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“I exclusively pump for my baby and have been storing milk in the freezer … here’s my question I thawed some breast milk according to the guidelines and ended up with what looked like melted butter in the milk; I gave it a shake and mixed easily, but then it would go back up it doesn’t have a bad smell I also tasted it, and it was fine!!! Is this normal has any pumping mommas have this happen to them??”
The following top answers have been selected by a moderator from hundreds of responses to the original question.
“Yes it’s the fat separating. Raw cows milk will do that also. Cream comes to the top.”
“It’s normal. It’s just the fat separating. I was always told to swirl it, don’t shake it, and it’s fine for baby.”
“If you store your milk in the bags just rub it into the milk. I always read to never shake breast milk.”
“Totally normal. It’s the fat separating out. Just stir or gently shake it to mix everything back together.”
“It’s fine. Two of my sisters did exactly what you did, and the breast milk separated must of the time. My nieces and nephews turned out to be beautiful. Weirdos, but beautiful!”
“It’s just the different components of the breast milk separating because they freeze at different temperatures. Like molecular separation. It’s cool.”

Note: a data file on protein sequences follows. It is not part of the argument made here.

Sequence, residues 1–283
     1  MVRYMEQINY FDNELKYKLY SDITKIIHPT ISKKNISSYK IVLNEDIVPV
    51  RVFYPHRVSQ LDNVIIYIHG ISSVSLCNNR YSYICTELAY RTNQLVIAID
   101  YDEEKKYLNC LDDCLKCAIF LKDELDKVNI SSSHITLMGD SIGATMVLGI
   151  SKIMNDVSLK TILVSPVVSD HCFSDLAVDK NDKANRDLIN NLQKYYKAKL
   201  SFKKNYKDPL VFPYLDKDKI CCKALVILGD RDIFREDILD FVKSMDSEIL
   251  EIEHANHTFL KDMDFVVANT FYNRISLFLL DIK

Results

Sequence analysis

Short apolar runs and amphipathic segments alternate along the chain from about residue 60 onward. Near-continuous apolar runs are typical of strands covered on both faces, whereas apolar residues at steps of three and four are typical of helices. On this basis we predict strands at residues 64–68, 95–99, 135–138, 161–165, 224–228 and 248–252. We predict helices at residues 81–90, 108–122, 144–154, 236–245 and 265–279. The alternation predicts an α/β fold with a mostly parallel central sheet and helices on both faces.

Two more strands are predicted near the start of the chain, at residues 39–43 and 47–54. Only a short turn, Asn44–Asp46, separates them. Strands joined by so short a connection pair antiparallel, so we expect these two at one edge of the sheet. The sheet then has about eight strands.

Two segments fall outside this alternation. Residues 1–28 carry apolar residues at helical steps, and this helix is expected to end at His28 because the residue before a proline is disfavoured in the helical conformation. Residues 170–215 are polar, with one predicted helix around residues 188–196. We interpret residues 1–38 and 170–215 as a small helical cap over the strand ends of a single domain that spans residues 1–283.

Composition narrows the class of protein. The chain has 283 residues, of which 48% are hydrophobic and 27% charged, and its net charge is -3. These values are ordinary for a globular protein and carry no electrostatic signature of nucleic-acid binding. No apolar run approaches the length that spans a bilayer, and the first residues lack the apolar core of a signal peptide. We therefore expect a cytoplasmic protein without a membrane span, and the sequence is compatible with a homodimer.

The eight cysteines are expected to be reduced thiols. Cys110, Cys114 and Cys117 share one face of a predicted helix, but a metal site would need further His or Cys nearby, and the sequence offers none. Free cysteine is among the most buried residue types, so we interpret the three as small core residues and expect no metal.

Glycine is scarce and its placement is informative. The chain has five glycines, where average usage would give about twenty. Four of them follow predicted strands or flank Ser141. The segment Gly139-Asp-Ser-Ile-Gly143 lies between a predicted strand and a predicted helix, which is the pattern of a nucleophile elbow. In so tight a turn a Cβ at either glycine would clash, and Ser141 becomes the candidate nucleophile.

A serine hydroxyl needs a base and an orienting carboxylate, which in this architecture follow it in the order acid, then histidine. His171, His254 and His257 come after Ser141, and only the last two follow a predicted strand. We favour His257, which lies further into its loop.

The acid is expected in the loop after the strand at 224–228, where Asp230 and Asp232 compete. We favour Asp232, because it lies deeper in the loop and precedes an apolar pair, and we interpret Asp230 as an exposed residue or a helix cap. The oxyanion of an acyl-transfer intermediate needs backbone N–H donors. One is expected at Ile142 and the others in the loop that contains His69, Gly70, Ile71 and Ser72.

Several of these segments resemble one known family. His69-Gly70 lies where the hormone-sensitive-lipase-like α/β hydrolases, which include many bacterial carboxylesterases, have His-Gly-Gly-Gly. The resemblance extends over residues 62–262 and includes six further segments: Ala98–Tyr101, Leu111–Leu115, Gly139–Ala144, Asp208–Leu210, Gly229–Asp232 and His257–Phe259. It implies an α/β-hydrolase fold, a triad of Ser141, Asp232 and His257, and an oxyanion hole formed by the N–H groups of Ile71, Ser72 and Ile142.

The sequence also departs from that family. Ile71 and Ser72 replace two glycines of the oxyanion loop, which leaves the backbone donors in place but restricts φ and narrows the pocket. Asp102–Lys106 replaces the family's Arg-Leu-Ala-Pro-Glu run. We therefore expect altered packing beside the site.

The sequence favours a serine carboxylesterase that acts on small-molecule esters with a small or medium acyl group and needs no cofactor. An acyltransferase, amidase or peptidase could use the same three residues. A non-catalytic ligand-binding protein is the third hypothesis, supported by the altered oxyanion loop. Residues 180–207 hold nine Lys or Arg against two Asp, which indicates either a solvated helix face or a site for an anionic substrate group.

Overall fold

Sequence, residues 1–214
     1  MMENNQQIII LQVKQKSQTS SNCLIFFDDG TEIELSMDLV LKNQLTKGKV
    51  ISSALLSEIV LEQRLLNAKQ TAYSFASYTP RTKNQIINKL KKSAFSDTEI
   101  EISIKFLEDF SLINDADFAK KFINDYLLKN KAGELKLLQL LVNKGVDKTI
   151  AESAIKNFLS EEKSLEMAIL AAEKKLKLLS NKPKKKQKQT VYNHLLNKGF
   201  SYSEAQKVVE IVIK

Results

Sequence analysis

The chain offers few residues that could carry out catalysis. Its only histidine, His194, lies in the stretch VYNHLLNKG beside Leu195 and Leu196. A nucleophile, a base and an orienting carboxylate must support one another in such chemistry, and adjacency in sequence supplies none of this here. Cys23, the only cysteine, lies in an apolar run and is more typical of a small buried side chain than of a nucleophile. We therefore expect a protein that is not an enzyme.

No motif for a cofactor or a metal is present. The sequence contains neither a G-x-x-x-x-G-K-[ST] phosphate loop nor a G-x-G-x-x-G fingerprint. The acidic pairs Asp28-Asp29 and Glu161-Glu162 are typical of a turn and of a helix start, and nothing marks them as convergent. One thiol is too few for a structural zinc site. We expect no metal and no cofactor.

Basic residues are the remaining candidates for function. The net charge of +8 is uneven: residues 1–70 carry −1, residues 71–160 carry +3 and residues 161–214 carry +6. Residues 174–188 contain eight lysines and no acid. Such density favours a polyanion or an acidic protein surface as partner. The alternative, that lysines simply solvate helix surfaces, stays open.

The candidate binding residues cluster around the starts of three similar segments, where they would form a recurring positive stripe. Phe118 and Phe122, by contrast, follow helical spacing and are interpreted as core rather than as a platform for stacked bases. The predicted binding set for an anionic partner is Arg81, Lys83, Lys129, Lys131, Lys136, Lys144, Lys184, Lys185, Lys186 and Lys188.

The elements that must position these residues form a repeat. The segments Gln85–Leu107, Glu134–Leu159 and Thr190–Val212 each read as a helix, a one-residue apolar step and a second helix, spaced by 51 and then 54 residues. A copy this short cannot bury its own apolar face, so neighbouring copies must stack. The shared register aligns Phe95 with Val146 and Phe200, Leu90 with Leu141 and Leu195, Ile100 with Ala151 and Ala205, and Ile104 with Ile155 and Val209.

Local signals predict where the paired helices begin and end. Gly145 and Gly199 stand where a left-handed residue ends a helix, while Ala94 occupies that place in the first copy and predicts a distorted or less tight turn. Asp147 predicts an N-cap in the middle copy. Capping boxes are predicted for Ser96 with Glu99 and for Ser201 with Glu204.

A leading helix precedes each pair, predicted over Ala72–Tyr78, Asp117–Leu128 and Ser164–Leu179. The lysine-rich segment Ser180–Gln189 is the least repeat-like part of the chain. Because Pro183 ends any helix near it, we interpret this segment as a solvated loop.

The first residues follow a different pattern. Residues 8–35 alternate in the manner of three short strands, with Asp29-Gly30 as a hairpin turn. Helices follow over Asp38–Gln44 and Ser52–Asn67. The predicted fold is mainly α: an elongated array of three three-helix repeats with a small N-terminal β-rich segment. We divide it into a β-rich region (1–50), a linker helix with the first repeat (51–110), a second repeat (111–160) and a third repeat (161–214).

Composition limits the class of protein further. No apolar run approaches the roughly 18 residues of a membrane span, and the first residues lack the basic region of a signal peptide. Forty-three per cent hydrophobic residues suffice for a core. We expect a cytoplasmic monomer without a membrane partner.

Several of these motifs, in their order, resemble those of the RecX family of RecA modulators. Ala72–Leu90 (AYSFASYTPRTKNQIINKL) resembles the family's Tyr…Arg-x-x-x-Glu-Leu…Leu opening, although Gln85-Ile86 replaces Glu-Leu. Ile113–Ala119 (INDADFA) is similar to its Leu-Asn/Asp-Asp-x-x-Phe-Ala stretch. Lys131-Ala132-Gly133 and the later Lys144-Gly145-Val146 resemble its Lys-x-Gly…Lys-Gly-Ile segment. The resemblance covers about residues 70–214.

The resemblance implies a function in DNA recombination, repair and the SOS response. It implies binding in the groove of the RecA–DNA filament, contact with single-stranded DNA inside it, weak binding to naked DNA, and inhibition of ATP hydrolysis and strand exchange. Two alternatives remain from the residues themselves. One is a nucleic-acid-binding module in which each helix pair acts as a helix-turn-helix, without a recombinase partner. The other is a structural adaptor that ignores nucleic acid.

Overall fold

“Don’t shake. Breaks down proteins. Swirl quickly.”
“You have very rich milk.”
“That is the fat in your milk you see separating. It really is an amazing thing. Just give it a gentle swirl after reheating and it’ll be good.”
“Milk is mostly water and fat, and some proteins and vitamins. If you buy milk from the store, it is ALREADY homogenized. In homogenization, the milk is treated at high heat combined with pressure to incorporate the cream into the milk, so it doesn’t separate as it sits. Otherwise, the cream always will rise to the top and separate. The reason it separates is fat is a colloid and suspends itself into water based solutions. These fat particles weigh less than water particles, which makes them float to the top. Whereas, gravity naturally pulls water particles to the bottom because they weigh more. Have you ever mixed oil and water? The same is true in that scenario. Oil rises to the top. Hence the idiom cream of the crop, and cream always rises to the top. That’s where your whipping cream comes from. If you buy skim milk, the cream is skimmed off, resulting in a lower fat milk.”
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